Who Are the Four Guantánamo Prisoners Freed in Saudi Arabia, Leaving 55 Men Still Held?

The four prisoners released from Guantanamo to Saudi Arabia in January 2017. From L to R: Mohammed Rajab Abu Ghanim, Mohammed Ali Abdullah Bawazir, Salem Ahmad Hadi Bin Kanad and Abdullah Yahia Yousef al Shabli.Please support my work! I’m currently trying to raise $2500 (£2000) to support my work on Guantánamo over the next two months.

 

Good news from Guantánamo, as four men have been released to Saudi Arabia, reducing the prison’s population to 55, the lowest number since its opening weeks 15 years ago.

The four men are Yemeni citizens — although one was born in Saudi Arabia, but to Yemeni parents, meaning that he was not given citizenship. A third country had to be found that was prepared to take them in, because the entire US establishment agrees that it is unsafe, from a security perspective, to repatriate any Yemenis. The men will go through Saudi Arabia’s well-established rehabilitation program, although, to be honest, it is obvious upfront that none of these men can be regarded as a threat.

Two were approved for release by President Obama’s cautious, inter-agency Guantánamo Review Task Force in 2009, while the other two were approved for release more recently by the latest inter-agency review process, the Periodic Review Boards, which consider the prisoners’ cases in a manner similar to parole boards — except, of course, for the crucial fact that the men in question have never been convicted of any crimes.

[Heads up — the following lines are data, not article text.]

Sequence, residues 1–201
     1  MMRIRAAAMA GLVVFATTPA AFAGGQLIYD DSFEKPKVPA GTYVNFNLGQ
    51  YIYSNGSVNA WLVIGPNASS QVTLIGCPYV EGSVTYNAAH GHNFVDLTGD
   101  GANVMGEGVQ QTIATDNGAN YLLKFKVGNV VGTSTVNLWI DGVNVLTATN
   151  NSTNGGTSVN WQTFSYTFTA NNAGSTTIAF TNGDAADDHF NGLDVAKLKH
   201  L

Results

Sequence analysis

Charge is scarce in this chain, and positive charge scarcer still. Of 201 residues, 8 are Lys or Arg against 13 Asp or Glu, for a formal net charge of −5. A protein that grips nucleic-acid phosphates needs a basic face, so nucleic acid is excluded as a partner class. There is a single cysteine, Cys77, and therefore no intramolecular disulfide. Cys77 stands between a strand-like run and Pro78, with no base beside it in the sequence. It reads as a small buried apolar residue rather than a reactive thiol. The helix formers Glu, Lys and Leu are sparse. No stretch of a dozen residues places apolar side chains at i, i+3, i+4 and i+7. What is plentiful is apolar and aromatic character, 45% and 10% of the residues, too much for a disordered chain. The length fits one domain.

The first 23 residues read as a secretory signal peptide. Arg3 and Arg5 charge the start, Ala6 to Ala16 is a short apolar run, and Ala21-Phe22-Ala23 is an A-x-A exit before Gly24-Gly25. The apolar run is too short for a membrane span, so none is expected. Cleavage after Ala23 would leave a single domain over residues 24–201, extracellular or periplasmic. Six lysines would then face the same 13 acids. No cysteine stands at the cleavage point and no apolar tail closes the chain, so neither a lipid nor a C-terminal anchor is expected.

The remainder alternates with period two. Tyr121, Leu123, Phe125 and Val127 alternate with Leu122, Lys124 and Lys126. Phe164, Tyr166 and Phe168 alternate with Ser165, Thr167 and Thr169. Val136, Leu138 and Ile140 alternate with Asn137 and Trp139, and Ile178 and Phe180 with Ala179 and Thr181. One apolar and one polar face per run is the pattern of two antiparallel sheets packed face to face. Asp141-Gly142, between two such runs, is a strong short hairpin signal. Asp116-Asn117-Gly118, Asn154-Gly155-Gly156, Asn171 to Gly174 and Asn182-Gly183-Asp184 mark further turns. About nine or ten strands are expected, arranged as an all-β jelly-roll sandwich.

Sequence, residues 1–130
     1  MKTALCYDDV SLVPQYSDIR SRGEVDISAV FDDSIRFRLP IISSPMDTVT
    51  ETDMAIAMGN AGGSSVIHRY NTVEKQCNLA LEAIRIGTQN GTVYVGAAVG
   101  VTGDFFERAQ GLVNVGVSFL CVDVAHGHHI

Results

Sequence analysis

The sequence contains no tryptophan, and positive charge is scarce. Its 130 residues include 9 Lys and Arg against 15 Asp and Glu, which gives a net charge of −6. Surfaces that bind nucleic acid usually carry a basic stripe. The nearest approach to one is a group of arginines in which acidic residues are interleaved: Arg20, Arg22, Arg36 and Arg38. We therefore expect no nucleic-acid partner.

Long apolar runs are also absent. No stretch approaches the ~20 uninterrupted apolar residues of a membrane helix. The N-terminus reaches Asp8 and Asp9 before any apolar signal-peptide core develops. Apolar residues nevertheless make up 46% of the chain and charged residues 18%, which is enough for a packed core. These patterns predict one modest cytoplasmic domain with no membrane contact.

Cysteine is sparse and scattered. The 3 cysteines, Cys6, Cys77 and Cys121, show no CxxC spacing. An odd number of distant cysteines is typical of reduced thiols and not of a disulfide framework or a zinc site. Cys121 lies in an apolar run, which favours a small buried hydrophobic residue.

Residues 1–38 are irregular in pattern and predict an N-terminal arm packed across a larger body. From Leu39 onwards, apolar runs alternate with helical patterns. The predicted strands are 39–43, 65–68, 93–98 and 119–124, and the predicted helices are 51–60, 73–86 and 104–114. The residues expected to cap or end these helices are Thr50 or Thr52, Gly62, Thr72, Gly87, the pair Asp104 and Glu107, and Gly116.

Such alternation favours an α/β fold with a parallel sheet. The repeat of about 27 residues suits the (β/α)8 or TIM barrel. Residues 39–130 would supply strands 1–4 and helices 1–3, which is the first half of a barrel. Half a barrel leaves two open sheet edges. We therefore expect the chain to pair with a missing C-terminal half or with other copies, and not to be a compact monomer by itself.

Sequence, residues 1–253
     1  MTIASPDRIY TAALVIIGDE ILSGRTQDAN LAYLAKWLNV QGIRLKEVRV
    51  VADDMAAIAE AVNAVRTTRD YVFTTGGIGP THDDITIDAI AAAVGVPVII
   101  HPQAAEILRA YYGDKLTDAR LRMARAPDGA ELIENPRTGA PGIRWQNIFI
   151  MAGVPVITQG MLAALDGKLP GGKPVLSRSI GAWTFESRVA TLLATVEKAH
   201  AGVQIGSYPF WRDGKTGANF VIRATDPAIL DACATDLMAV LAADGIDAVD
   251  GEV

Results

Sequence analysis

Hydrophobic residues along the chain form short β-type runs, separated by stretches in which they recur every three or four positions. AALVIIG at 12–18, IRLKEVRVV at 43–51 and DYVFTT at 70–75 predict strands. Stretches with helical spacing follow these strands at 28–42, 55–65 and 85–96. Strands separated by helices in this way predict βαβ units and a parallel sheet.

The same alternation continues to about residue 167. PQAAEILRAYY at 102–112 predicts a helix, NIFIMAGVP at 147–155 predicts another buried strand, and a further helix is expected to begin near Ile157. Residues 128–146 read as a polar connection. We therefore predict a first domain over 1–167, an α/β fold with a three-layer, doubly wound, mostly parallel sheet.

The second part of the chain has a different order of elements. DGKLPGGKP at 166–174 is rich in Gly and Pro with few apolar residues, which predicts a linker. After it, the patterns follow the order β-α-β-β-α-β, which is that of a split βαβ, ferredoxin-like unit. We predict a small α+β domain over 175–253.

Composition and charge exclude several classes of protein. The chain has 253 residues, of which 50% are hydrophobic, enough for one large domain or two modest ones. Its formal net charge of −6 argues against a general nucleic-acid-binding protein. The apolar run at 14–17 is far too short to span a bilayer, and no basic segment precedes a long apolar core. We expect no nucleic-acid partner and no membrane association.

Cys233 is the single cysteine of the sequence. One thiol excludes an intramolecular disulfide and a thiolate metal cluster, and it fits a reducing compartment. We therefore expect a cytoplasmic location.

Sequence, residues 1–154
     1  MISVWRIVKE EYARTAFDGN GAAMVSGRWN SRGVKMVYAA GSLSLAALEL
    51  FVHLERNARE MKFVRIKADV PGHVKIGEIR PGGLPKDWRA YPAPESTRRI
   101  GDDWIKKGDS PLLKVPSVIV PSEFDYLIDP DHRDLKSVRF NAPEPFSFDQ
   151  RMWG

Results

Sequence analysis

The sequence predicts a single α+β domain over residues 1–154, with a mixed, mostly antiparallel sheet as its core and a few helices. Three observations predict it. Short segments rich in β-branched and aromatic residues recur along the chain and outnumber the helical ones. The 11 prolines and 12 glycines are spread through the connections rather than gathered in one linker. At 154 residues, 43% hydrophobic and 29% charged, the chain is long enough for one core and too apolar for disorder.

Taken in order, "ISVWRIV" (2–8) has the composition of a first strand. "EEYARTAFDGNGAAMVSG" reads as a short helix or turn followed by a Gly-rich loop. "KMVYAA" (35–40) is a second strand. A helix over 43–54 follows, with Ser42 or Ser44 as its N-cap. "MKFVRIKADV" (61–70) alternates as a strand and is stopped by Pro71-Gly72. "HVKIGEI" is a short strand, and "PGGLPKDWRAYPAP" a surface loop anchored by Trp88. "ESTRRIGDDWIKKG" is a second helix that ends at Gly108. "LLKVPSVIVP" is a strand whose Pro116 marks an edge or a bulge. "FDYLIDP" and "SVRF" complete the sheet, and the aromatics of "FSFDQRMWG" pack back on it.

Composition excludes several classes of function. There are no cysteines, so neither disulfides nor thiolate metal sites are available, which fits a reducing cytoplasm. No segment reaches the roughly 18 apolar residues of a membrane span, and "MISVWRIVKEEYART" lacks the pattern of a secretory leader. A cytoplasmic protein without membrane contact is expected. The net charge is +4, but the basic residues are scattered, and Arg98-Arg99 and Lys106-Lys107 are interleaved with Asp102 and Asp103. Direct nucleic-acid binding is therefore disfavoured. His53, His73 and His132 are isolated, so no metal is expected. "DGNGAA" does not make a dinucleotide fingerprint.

The first of the four, whose case has rarely been discussed, is Abdullah Yahia Yousef al Shabli (ISN 240), who, according to US records, was born in Jeddah on September 10, 1977. Al-Shabli was approved for release by the task force in 2009, but is one of 30 men the task force placed in a category of their own invention, “conditional detention,” which was only supposed to end when someone — it was not determined who, or how — established that the security situation in Yemen had improved. As I explained in August, when 12 Yemenis were released in the UAE, “those in the ‘conditional detention’ group languished until the Obama administration began finding countries that would offer new homes to them, a process that only began last November and that, before [the August] releases, had led to 19 men being given new homes — in the UAE, Ghana, Oman, Montenegro and Saudi Arabia.” Six of the 12 Yemenis freed in August were from the “conditional detention group,” and with the two releases to Saudi Arabia from this group, just three men from this group are left — plus another two men from the 126 other men approved for release by the task force. Read the rest of this entry »

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Andy Worthington

Investigative journalist, author, campaigner, commentator and public speaker. Recognized as an authority on Guantánamo and the “war on terror.” Co-founder, Close Guantánamo, co-director, We Stand With Shaker. Also, singer and songwriter (The Four Fathers) and photographer (The State of London).
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